Ayomi* is 19 years-old and last November she travelled from Sri Lanka to Swansea, seeking asylum with her younger brother Nirved*. On arrival in Wales, they attempted to enrol at a number of sixth-form colleges, but were turned away because courses had already started.
The siblings faced a year’s wait: a year of doing nothing, a year of not developing as learners. A mentor introduced them to staff from Gower College Swansea and, soon enough, they were in the classroom learning. When Ayomi and Nirved told staff that they couldn’t afford the bus ticket to college each day, the college gave them bus passes to ensure they could access education.
Gower College Swansea is officially recognised as a College of Sanctuary in the UK – and the siblings are just two of thousands of asylum seekers who have been offered life-changing opportunities as a result.
Colleges of Sanctuary are not separate institutions within the further education sector, but existing colleges that have been nationally recognised for their work with refugees and asylum seekers. The idea was born out of the Cities of Sanctuary movement introduced in Sheffield in 2005 – and many Schools of Sanctuary and Universities of Sanctuary already exist across the UK.
Colleges supporting refugees and asylum seekers
Currently, there are just four Colleges of Sanctuary – but that, hopefully, is about to change.
The ones already recognised have been pioneers of setting up a FE-specific application, and today the umbrella groups behind the City of Sanctuary have published the first official resource pack for further education, outlining the process that colleges must go through to get this award.
It’s a long process – colleges must demonstrate three key things: learning about what it means to be seeking sanctuary; embedding concepts of welcome, safety and inclusion; and sharing that vision within the local community and beyond. However, it is a process that Vivien Caparros, head of school at Preston’s College, would encourage every leader to consider.
Why? “We're all humans at the end of the day – and it’s about supporting everybody else. Preston is a very big city and we have some very deprived wards here. The support we give to our ESOL learners is targeted to ESOL and ESOL asylum seekers, but the college provides support in different guises all the way across the college community. It’s all about providing for your community to help the area and each other to prosper,” Caparros says.
Caparros adds that many leaders will be surprised at how much of what their college already does for asylum seekers and refugees is outstanding.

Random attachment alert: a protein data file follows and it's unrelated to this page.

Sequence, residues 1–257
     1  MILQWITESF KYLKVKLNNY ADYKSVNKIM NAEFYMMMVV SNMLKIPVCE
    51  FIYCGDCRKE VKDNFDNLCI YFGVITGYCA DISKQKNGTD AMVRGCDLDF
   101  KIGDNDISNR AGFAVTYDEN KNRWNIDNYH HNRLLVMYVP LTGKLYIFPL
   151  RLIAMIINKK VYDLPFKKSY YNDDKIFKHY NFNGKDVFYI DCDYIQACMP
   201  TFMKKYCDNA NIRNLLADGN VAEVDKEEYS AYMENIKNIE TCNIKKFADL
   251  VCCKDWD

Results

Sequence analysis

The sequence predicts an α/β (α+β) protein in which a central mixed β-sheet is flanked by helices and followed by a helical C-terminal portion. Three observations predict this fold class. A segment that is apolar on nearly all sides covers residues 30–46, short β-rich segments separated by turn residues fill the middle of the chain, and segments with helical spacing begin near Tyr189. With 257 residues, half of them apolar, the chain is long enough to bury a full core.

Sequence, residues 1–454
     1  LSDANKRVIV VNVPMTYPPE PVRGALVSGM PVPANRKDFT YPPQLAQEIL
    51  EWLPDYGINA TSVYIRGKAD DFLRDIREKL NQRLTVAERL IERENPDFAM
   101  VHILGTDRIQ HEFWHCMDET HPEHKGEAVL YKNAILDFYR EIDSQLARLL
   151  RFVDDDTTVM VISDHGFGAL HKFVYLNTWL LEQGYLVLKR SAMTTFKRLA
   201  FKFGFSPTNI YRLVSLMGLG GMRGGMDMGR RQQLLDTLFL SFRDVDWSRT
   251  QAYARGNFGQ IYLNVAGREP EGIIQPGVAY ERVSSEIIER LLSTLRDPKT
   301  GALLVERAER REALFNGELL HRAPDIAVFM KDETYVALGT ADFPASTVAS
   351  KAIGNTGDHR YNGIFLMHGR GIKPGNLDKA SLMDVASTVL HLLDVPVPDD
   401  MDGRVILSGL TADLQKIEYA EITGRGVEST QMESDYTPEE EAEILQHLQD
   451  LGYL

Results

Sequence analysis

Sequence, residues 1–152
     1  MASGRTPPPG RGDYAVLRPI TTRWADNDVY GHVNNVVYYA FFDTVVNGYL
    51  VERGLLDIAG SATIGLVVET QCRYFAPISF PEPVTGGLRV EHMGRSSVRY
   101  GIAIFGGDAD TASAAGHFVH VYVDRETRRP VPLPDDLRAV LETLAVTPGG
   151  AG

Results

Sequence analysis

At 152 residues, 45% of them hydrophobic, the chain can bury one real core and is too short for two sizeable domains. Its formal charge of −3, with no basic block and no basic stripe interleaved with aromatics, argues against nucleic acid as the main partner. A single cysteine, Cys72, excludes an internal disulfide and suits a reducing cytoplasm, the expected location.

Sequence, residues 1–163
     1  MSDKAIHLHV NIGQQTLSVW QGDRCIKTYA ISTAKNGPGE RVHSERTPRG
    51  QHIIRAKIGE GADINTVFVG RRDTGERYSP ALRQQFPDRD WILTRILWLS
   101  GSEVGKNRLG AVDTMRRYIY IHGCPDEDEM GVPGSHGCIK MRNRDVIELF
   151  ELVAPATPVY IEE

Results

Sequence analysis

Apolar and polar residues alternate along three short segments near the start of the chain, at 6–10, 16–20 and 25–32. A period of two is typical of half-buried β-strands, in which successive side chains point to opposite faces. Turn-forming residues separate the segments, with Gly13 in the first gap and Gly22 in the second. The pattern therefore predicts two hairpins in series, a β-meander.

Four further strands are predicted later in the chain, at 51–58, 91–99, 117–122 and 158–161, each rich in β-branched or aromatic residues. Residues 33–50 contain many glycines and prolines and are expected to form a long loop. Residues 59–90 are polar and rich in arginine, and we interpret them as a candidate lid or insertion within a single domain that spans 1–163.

Removing barriers to education
At Preston's, a key focus is on removing barriers to education: paying for bus passes, childcare places and providing free breakfast and lunch. It’s also crucial, Capparros says, that staff take the time to talk to the students and understand their journey to England, and what their life was like in their home country.
“When you start to listen, you appreciate the traumas that some of our asylum seeker learners have gone through. For example, we traditionally have a bell that sounds when it's the Remembrance service at 11 o'clock on 11 November – a fire alarm can be a trigger for some of the asylum seeker learners. We isolated the alarm so it didn’t go off in our building: those are the types of things you have to think about all the time,” she says.
“We have quite a large cohort of ESOL teenage learners and it’s just small things we need to consider, like us recognising that the police, for example, in their own country aren’t necessarily people to whom you go to for help. We asked the local police force to visit college, so that they could meet the learners and the learners could understand the role of the police in the UK.”
Other practices include training an admissions staff member to be an expert in international issues, offering a translation service, and a meet and greet at the front door so students can be directed to classrooms.
Making the most of external agencies, too, is key. The local Red Cross has offered Preston’s staff awareness training, NHS staff have offered latent tuberculosis testing on site, and the Children’s Society comes in to offer counselling.
The college also teamed up with Lancashire County Council to host an event for businesses to give them understanding of the difference between a refugee and an asylum seeker and breakvdown the misconceptions that might lead to unemployment for those students.
Breaking down misconceptions